Elizabeth Tilley
Susanna Fuller White     "Fuller" is not her maiden name
Dorothy Bradford           now identified as Dorothy May Bradford
Katherine Carver           now identified as Katherine White Carver
Maid Servant of the Carvers, name unknown    now known only as Dorothy
Humility Cooper
Demaris Hopkins
------------ Martin            now identified as Mary Prower Martin
Desire Minter
Ellen More
Alice Rigdale
Rose Standish
Ann Tilley
------------- Tinker
Elizabeth Winslow         now identified as Elizabeth Barker Winslow


Women of the Mayflower, from Caleb Johnson's website http://www.mayflowerhistory.com/History/women.php

Jeremy Bang's American Pilgrim Museum in Leiden, The Netherlands http://www.rootsweb.ancestry.com/~netlapm/Page01.htm

--------------------
Copyright 2011, Heather Wilkinson Rojo 

12 comments:

  1. Heather,

    Thanks for the ongoing Mayflower/Plymouth posts. My husband is descended from Isaac Allerton, his wife Mary Norris Allerton, their daughter Mary Allerton and, in addition, Degory Priest (through his wife Sarah Allerton and their daughter, Sarah Priest Coombs). So I especially enjoyed your "women of the Mayflower" post!

    Best, Marian

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  2. This is such an exciting project! It's thrilling just to consider all the possibilities. Maiden names can be so tricky and I cannot wait to see what the Society might discover next.

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  3. I'm surprised that Caleb didn't point out that Priscilla may not be (and probably is not) the daughter of Alice (---) Mullins, who seems very clearly to be a second wife.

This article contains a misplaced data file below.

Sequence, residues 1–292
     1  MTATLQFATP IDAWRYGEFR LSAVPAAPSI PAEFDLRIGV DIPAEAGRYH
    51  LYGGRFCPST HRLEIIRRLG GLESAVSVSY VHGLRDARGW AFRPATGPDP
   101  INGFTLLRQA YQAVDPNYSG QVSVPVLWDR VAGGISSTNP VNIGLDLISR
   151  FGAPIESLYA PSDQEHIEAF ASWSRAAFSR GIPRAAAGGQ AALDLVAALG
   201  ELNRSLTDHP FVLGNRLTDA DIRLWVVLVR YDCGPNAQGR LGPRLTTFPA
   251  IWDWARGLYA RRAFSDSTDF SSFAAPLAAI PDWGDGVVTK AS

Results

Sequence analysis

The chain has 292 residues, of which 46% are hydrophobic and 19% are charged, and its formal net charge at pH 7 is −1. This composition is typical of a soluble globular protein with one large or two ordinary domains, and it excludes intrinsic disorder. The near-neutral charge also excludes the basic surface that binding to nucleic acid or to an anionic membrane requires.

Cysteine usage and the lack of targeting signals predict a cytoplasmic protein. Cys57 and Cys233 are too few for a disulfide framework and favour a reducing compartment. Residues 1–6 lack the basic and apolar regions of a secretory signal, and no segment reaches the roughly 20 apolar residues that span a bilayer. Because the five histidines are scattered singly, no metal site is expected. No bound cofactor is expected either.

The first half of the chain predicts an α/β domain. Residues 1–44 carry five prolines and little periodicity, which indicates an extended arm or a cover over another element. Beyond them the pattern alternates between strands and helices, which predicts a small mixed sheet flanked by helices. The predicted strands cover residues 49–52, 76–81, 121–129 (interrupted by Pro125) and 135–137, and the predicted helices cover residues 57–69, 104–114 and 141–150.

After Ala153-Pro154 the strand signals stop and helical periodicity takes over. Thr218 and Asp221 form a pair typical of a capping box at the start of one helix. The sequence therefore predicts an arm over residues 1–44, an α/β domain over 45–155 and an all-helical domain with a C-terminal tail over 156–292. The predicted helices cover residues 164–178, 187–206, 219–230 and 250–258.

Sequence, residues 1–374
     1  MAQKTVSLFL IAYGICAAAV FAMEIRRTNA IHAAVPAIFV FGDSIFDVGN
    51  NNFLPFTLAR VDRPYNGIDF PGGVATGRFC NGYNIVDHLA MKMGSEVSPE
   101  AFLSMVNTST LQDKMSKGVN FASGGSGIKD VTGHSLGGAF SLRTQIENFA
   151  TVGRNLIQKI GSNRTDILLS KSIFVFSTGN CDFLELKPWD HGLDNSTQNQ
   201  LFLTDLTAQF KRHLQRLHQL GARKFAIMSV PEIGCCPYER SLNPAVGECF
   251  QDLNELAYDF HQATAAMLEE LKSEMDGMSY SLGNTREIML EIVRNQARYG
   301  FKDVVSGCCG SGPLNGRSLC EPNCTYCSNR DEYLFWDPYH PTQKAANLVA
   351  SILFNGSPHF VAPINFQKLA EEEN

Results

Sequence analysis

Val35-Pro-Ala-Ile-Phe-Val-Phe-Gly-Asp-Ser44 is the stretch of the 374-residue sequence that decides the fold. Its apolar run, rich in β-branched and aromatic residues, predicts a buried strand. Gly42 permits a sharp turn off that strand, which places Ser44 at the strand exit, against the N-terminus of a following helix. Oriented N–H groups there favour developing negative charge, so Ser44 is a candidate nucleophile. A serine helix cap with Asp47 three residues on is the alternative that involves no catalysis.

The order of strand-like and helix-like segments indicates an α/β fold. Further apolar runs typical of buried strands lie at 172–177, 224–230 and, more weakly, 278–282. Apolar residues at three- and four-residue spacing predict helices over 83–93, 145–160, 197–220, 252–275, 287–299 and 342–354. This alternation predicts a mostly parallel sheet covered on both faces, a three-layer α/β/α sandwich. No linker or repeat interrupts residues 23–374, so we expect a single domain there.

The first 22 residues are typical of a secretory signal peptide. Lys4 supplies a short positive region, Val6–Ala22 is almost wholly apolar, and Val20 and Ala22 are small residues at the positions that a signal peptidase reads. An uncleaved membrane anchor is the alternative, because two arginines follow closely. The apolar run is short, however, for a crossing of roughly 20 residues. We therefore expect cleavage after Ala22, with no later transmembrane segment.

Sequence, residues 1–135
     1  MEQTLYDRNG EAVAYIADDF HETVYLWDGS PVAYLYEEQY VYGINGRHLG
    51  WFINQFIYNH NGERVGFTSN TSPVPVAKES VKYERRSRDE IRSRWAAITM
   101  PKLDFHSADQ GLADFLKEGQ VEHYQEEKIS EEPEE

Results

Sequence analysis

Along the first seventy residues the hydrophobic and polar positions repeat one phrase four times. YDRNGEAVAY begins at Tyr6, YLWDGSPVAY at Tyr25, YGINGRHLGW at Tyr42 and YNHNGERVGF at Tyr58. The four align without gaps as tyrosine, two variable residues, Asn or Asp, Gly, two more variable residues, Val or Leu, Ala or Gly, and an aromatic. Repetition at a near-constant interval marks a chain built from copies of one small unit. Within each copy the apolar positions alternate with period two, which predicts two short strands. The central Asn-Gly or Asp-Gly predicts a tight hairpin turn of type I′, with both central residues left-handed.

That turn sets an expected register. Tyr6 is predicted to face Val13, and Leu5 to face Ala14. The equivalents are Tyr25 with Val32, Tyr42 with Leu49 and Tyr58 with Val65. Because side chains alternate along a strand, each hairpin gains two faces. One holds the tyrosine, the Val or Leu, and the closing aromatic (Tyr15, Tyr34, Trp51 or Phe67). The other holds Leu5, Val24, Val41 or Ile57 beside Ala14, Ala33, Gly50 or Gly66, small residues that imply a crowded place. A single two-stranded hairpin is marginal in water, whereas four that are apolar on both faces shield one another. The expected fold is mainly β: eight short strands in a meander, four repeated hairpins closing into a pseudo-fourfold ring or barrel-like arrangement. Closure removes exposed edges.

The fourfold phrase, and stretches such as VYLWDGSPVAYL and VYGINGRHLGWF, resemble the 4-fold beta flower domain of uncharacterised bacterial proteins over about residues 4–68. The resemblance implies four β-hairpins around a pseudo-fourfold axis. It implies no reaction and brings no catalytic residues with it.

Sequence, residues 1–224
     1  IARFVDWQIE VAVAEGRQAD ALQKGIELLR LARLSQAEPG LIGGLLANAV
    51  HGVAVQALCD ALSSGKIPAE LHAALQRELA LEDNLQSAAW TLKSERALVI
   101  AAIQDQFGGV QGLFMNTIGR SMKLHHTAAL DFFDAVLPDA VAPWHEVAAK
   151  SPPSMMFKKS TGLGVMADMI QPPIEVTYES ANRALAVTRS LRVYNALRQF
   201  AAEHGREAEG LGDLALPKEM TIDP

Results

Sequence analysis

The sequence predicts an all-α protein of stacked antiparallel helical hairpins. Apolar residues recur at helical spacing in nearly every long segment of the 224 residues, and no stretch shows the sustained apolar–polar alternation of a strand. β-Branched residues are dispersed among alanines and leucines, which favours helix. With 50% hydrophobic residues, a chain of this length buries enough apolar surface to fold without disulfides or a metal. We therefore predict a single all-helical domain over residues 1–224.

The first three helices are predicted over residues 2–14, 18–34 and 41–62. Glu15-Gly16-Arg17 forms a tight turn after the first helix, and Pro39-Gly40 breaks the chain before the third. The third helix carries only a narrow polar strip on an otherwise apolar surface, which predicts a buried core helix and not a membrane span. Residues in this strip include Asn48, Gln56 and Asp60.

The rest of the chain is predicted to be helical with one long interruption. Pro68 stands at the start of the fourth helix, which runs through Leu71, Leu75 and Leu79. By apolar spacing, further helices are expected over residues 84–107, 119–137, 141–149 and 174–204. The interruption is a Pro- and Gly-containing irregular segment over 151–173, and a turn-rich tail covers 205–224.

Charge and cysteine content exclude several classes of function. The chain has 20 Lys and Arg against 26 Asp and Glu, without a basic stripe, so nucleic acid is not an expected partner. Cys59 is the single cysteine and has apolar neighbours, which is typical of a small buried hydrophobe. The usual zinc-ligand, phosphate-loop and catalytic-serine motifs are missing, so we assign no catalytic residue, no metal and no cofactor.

You need to get a hold of Drew Bartley's Mayflower Passengers 1620. It is indispensable if you are interested in Mayflower genealogy. Go to the Mass. Mayflower Society site online and get one.

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  4. I love dropping in for a read of your posts ...they are so interesting.

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  5. Thanks for the update, Heather! It's encouraging that maiden name brick walls can be knocked down...even 300 yr. old walls!

    I am decended from Brewster and Hopkins.

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  6. I had no idea this was going on - what a great project! I have no direct Mayflower ancestors, but my ex-hub does through his mother, so for the kids' sake, I'm trying to keep up with those digging more on William WHITE's wife, Susanna. Thanks for posting this.

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  7. Great posting...but I wonder why Susanna Fuller m. William White and then Edward Winslow isn't included. She had children both by William White and Edward Winslow. I'm descended from her son, Resolved White. She had two children with William White and two children with Edward Winslow who survived to adulthood!

    Carmen

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  8. Very interesting post, Heather.

    How was Ann Tilley related to Elizabeth Tilley?

    David

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  9. This is all so extremely impressive that it's almost intimidating to me. Talk about exhaustive research! Such care, such detail. I suppose you could observe (with the feminists) that the loss of maiden names, throughout history, does contribute to erasing identities in fact. Thanks to all those who are working to recover the lineages of these women!